Medisim, an Israeli medical device company producing non-invasive thermometers. Medisim had brought a patent infringement suit against its former US distributor, Colorado-based BestMed. The distributor knowingly and willfully infringed an issued US patent by supplying a competing product. A jury found this to be the case and awarded $3,000,000 in damages. However, the judge overturned this ruling by finding the infringed patent invalid, since for a year prior to it being filed, Medisim was marketing a device that used the technology that was patented.
On May 15, 2013, District Judge Shira A. Scheindlin overturned a jury verdict finding defendant BestMed willfully infringed U.S. Patent No. 7,597,668 held by plaintiff Medisim, and granted a BestMed’s post-trial motion for judgement as a matter of law on grounds of anticipation.
US 7,597,668 relates to a non-invasive thermometer and the court found that the evidence presented at trial clearly and convincingly demonstrated that the prior art device, the FHT-1 thermometer, sold by Medisim more than one year prior the effective date of US 7,597,668 anticipates the patent because it calculates “deep tissue temperature.” US 7,597,668 incorporates by reference US 6,280,397, an earlier patent held by Medisim,
The Appendix of the ’668 patent states that the ’397 patent provides an algorithm to determine core body temperature based on heat flux through the thermometer when the thermometer is inserted into the body. However, the accuracy of the ’397 algorithm is diminished when the temperature used is an external measurement from a non-invasive thermometer. The ’668 patent details a formula to determine core body temperature, or deep tissue temperature, from an externally derived temperature reading.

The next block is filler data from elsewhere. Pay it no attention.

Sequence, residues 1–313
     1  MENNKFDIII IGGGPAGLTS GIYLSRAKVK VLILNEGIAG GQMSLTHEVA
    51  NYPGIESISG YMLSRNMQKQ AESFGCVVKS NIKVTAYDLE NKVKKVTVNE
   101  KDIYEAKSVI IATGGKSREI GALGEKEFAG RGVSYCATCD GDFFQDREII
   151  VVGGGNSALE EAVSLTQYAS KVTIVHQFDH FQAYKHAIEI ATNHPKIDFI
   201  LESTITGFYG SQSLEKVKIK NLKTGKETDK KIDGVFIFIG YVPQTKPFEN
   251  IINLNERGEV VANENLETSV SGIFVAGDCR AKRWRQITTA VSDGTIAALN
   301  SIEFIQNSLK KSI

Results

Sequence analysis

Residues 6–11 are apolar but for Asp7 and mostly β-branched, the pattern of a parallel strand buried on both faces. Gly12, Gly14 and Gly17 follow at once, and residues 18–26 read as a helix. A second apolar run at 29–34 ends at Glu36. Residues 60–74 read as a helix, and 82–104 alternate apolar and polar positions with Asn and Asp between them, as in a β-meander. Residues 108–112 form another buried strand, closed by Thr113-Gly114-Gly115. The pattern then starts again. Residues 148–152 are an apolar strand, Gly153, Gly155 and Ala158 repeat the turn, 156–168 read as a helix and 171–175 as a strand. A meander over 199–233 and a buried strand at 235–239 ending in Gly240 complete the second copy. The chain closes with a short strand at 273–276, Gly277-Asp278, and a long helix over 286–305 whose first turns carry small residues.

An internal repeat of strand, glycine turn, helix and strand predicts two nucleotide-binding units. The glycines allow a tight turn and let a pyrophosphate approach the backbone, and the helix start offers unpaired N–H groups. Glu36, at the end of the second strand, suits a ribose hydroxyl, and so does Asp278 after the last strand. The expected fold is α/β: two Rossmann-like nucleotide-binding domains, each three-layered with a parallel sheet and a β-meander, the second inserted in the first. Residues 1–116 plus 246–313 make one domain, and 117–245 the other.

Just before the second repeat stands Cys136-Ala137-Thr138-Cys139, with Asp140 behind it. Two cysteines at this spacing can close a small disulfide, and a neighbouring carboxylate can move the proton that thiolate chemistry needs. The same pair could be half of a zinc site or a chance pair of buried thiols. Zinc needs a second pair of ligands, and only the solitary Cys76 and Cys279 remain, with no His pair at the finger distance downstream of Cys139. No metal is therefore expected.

The court held that intrinsic evidence shows the ’668 patent details that deep tissue temperature may be derived from the ’397 algorithm. The court found no dispute that the FHT-1’s source code implements the ’397 algorithm to arrive at an intermediate temperature used to calculate deep tissue temperature, and that it was compelling evidence of anticipation that Medisim knew that the FHT-1 was marked with the ’397 patent. Additionally, Medisim’s marketing documents corroborate anticipation by showing Medisim made pre-litigation representations to BestMed that its own technology implemented in the FHT-1 calculated temperature under the skin. Taking into account this intrinsic evidence and evidence presented at trial, the court ruled that the US 7,597,668 was anticipated by the earlier patent and granted BestMed judgement as a matter of law.
The court also found that the evidence offered by Medisim at trial did not disturb the court’s conclusion that a reasonable jury would have found anticipation, since the only evidence advanced by Medisim was the concluding testimony of the inventor of the ’668 patent and Medisim’s expert witness. The court held that the testimony of both these witnesses was unreliable because neither witness provided a convincing explanation of “intermediate temperature.” Additionally, Medisim’s expert’s testimony was solely prefaced on a test which the court expressly excluded in its Daubert ruling and the inventor’s unsupported testimony regarding the FHT-1 was purely subjective, and therefore irrelevant. The court also noted that the inventor’s testimony at trial was contradicted by his deposition testimony
Is a device incorporating a chip which runs an algorithm really a publication ?
Why was the second patent allowed?
Why was this case brought to trial?
When negotiating with a distributor, perhaps one should establish contractual obligations in addition to patent rights so that if the sides fall out, one can sue under in personam rights in addition to in rem ones.